(Chronicle of the Unhewn Throne 1) was published on January 14, 2014 by Tor Books.
Marital Fights and Elevator Pitches: Occasion Versus Subject
My favorite part about marital squabbles is the moment I try to explain them later to an impartial observer. “So, what was the fight about?” my buddy asks. I take a confident slug of my beer, certain of the legitimacy of my grievance, the lamentable errors of my lovely wife, and start in: “Well, first
, she said that I should dry the glasses in the drying rack upside down…”
Usually it only takes a sentence or two for that initial confidence to wane. I’m relating the argument just as it happened
, and yet, some of the gravitas seems to have slipped away.
“… and then I didn’t want
paprika on the burgers…”
I blunder along, powered by stubbornness as the sense of true purpose starts to flag.
“…said the dog leash should be blue, not black…”
All the while my friend just watches, eyebrows raised. If he’s feeling charitable, when I finally putter out he’ll say, “That sucks,” in a tone of voice that makes it clear that a minor dispute over dish-drying, hamburgers, and dog collars does not, in fact, suck at all, at least not to anyone with the slightest bit of perspective about the real world.
The problem, of course, beyond my own occasional lack of perspective, is the question itself – What was the fight about?
– and that terminal preposition in particular. We tend to respond to that imperfect word – about
– with the specifics, the poorly dried wine glasses, rather than the emotional core of the matter. In a way, this makes sense. People who are capable of saying, “We were arguing about mutual respect, and the difficulties involved in any communication where the partners are unaware or unable to articulate the divergence in their priorities,” are not the same people who get into arguments about the drying of wine glasses.
Interestingly, you encounter essentially the same question when pitching a novel: So, what’s your book about?
I’ve had the chance to respond to this about fifty thousand times in the past year, and I have the answer down: Three adult children of a murdered emperor – a monk, an imperial minister, and an elite soldier – struggle to untangle the conspiracy behind their father’s death while trying to stay alive long enough to complete their own training.
As in the case of the marital squabble, however, the answer is both perfectly accurate, and crap. It captures the central characters and conflict readily enough, but if I pause for a moment, I wonder whether characters and conflict really constitute the core of a book.
Before turning to fantasy, I spent a long time writing and reading poetry, a genre where it is common to distinguish between a poem’s occasion and its subject. Take John Keats’ great late ode, To Autumn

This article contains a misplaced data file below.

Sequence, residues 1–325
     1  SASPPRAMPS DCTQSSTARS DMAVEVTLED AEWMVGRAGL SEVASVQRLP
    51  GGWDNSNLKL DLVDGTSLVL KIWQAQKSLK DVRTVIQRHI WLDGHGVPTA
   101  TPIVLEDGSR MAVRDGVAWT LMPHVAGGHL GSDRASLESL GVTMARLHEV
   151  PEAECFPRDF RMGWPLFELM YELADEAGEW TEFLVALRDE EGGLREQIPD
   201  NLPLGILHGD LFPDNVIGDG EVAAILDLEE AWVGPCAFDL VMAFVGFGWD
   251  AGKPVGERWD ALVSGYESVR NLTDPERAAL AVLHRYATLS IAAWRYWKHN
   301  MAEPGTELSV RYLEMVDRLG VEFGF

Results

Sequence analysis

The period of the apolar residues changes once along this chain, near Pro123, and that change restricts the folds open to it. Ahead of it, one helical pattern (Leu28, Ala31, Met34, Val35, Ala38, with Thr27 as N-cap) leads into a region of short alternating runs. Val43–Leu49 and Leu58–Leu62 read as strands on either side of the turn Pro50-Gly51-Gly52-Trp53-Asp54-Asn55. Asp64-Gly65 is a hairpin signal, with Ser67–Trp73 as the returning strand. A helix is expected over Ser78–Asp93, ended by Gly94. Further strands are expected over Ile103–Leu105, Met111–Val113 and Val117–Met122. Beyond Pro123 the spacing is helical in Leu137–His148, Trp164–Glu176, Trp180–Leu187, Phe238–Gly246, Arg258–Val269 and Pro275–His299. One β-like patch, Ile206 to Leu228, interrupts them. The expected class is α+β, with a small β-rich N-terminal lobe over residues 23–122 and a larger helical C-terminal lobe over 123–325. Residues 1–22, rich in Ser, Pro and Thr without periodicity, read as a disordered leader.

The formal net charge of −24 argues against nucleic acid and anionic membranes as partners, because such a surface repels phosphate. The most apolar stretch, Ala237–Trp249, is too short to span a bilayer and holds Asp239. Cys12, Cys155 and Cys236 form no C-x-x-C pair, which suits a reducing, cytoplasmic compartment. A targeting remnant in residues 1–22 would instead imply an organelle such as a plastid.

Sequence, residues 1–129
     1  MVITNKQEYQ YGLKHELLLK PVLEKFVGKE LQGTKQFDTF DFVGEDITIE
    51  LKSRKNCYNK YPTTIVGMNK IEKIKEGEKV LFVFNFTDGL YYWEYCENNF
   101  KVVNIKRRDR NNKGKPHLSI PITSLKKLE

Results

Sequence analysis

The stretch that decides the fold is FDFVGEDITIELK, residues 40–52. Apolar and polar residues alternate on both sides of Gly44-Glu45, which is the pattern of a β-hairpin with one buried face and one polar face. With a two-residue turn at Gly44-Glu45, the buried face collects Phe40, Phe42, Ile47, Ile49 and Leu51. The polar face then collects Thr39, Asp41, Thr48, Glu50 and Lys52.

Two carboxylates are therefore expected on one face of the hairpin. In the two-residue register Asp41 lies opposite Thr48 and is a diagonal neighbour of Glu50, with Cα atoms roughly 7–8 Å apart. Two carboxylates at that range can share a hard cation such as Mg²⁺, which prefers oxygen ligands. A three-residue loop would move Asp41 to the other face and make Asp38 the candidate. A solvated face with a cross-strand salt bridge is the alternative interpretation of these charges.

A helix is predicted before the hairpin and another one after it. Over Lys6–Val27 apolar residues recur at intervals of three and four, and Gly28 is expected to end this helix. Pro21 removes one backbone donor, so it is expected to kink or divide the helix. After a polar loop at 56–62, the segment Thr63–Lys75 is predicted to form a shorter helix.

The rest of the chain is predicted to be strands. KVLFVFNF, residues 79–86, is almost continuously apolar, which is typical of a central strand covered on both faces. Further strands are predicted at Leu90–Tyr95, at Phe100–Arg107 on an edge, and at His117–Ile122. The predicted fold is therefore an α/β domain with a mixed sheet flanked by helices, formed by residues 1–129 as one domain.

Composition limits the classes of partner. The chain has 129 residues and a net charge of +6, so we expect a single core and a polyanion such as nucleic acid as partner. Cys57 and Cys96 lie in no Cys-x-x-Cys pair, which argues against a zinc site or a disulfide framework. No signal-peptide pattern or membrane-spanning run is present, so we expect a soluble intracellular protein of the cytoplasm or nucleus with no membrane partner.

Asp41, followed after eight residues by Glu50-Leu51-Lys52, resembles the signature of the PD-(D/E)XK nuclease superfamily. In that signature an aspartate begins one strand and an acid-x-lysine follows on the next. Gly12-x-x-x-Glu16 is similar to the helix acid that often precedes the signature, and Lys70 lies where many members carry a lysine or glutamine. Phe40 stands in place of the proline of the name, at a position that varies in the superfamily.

. What’s it about? Autumn, dumbass.
But, of course, autumn is just the occasion of the poem; it’s about
something different, or at least something more
than the coming on of a new season. Helen Vendler (who is, in my estimation, the best living critic of poetry) has a whole long chapter of a book exploring this very question, and even she doesn’t seem to exhaust the answer.
Of course, there are drawbacks to discussing your own work in these terms. Chief among them, obviously, is that you look like an asshole. Just as important, however, is the interesting fact that, even as the author of a book, you might not know what it’s really about. That is to say, you understand the occasion, the characters and incidents that make up the plot, while the emotional, psychological, and thematic ligatures connecting those objective elements, animating them, remain a mystery.
I’m putting the final touches now on The Providence of Fire
, the sequel to The Emperor’s Blades
. It wasn’t until I’d written the entire book, then gone back to read through it, that I started to understand what was going on beneath all the battles and backstabbing, secrets and betrayals. I thought I’d written a book about the emotional ramifications of failure. In fact, the whole thing is about family, duty, and sacrifice.
Who knew? Certainly not me, not when I set out to write the thing. I understood what it was about, but not what it was about. Of course, I’ve now had the opportunity to go back and revise, to develop and shape the story with this realization in mind, and the book is the better for it.
The real trick now, is to apply this knowledge when I put the wine glasses in the drying rack the wrong way.
I live on a steep dirt road in mountains of southern Vermont, where I divide my time between fathering, writing, husbanding, splitting wood, skiing, and adventuring, not necessarily in that order. After teaching high school (literature, philosophy, history, religion) for a decade, I finally committed to writing epic fantasy. My first book,
), forthcoming from Tor in early 2014. Tor.com has been good enough to release the first seven chapters as a teaser that can be found here:
. I’m on Twitter at @BrianStaveley, Facebook as bstaveley, and Google+ as Brian Staveley.